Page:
Thursday, April 23, 2020

living rooms are for living

What is a home? A strangely relevant question in this day and age. At the age of 5, my answer was apparently as follows:

Beautiful leaded windows, bike, tree.. 31 year old me agrees!

About four years ago, 'home' looked like this to me, on the day we bought our house:

First day as home-owners.
Is it just me or does our house look a tad bit tired in this photo? It seems to have bags under its eyes...

That may have been our first encounter with our house, but it is much older than that. It was build in the time that our street was a merely dirt path, used by horses rather than cars.

our house is just about visible, below the windmill.
It has survived the second world war, when during the liberation of the Netherlands in 1945, the Germans boobytrapped the bridge in our village with a heavy sea mine, which created such a massive explosion, that the debris was scattered all over the entire village, and the shockwave broke most windows in the area.

It has been used as a small farm, a house painters office, a workshop where they repaired oldtimers. It has seen births, weddings, funerals. It even survived this :)

 See how the entire window was knocked out, but walls look unscathed? Now's that's some sturdy building! Even the leaded windows survived!

This house is a sturdy old lady, and we hope to keep her going for many years to come.

a few weeks ago, before the espalier-pears were in full bloom. The flag of Groningen even makes a sneaky appearance in the window reflection!

Over the last few years, I have posted some updates on how we tackled many rooms in our house: kitchen, bathroom, bedroom, study room, garden, even hallways.. I've shared it all. One room, however, was lagging behind: the living room.

And it was a whopper.

When even your green velvet chairs have a fringe, you know you're in for a treat ( these were the photo's from the brochure, and we still bought the place!)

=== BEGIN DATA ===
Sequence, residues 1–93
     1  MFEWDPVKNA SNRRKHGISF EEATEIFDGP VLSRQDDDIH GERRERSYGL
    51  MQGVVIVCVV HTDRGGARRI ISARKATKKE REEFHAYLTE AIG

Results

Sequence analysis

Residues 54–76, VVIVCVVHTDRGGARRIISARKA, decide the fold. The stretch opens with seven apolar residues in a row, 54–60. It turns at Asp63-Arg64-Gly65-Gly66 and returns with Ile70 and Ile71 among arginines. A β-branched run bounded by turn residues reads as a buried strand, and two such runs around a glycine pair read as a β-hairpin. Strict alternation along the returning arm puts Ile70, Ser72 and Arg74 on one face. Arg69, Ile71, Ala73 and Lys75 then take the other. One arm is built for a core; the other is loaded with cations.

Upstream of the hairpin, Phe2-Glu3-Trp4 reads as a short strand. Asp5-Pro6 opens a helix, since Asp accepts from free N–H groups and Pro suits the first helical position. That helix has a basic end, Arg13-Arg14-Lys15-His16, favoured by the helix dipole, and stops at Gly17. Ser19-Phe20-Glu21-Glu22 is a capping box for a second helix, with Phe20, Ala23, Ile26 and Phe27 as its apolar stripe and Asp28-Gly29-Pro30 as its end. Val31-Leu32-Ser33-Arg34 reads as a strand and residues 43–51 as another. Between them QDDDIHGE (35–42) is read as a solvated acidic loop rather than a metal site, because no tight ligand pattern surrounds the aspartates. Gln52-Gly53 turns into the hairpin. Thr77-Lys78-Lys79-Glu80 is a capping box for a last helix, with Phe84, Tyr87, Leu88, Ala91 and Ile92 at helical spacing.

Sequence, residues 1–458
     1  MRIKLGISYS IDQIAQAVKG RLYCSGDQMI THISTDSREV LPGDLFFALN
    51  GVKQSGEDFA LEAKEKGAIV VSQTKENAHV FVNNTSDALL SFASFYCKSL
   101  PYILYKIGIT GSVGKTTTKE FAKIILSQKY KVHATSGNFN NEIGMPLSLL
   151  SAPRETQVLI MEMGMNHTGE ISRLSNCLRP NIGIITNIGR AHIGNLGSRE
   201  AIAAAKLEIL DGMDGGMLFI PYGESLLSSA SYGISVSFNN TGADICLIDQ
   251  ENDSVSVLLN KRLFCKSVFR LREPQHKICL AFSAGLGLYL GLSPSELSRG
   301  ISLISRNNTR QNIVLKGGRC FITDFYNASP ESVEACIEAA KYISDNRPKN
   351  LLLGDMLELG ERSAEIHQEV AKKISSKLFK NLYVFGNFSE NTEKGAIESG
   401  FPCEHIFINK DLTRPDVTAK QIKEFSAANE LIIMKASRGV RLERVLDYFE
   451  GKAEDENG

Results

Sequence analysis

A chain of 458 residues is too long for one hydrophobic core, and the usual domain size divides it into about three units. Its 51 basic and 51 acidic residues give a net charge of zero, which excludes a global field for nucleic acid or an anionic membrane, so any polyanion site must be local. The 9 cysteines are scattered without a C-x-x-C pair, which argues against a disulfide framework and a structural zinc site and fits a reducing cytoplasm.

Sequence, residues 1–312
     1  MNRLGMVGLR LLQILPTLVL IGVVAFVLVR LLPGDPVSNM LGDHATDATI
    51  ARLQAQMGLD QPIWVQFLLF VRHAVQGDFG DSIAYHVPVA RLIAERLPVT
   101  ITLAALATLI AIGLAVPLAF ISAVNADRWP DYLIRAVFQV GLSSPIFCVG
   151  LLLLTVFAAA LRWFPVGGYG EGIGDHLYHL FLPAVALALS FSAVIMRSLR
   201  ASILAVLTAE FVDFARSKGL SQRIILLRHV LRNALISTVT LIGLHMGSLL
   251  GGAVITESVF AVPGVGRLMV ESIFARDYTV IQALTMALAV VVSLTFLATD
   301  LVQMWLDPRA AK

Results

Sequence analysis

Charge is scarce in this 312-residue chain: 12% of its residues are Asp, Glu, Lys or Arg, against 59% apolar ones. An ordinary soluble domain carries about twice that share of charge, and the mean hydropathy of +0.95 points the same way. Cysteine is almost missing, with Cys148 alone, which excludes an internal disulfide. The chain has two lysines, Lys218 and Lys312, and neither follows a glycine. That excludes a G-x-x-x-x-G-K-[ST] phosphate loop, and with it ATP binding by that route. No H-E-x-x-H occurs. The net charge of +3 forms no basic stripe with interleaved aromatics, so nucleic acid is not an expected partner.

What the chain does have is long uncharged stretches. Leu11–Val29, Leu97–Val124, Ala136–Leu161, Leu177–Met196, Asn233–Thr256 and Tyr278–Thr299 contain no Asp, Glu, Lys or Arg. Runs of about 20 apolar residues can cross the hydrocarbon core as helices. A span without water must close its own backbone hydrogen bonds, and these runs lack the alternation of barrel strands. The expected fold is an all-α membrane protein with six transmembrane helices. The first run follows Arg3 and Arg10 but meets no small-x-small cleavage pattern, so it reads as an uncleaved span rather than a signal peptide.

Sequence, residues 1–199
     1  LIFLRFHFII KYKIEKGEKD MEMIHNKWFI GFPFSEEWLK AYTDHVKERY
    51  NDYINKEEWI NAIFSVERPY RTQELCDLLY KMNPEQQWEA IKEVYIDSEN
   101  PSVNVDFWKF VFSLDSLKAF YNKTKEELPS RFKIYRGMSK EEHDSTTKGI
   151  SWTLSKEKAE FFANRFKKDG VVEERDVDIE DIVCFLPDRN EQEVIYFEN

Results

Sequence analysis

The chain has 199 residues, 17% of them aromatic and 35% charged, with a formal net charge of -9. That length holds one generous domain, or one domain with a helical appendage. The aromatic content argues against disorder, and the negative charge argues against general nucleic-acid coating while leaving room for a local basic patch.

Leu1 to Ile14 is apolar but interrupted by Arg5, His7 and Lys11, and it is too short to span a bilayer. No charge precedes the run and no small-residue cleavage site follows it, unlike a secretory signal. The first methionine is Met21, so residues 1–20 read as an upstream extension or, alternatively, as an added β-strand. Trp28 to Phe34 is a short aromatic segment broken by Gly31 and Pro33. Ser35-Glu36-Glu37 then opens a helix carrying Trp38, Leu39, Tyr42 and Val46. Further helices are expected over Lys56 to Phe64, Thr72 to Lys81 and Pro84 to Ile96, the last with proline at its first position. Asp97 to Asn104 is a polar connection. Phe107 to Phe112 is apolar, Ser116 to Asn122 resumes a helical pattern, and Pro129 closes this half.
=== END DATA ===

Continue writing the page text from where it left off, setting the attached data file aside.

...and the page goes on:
I mean, where do I start? the wooden paneling, the window that looks into the kitchen, the fringes, the orange hallway, the velvet curtains, the weird ceiling…. This room is vibing on a level that is beyond the level of human comprehesion, and as awesome as that is, I'm afraid Joost and I are not prepared for such a level of vintage.

I've guessed it: we wanted to change it. I've shared some of the first steps we took before: on our very first day, we ripped out the lowered ceiling and installed wooden floors.

This was quite literally 2 days after we had gotten the key.

A few months later, while Joost was playing football or something like that, I decided to demolish that odd wall that separated the kitchen and living room, because.. well, I felt like it.

We then build in some awesome vintage sliding doors, did a half-hearted attempt to paint the walls, and were left with a living room that looked like this:

It's just a bit sad and unfinished..

And we more or less stopped there. We hardly ever used it, because it wasn't a very nice place to be, with that unfinished ceiling, ugly chimney and rough walls.
But we couldn't do much to improve it, because we were involved in a very lengthy and tiresome procedure involving our chimney.

See, we live in an area that suffers from government-indiced earthquakes, because they drill for gas in the area. The earthquakes cause damage to the houses in the area, and as it is a governmental decision to drill for gas, they are legally required to pay for all the damage. That, however is easier said than done. Many inspectors came by, in expensive cars, demanding many pots of coffee.

" I don't see any damage" an inspector said.
" I refuse to install your fireplace, because your chimney has earthquake damage." our contractor said.
" Okay, I do see some damage, but I refuse to believe it's the earthquakes" a second inspector said.
" It's definitely earthquakes" a third one chimed in.
"We agree with you, but the "chimney-improving project" has just stopped, so, that's just bad luck for you" yet another inspector said.

That whole delightful process took three years, and probably cost the government enough money in salary for those inspectors to replace our chimney by a solid gold one.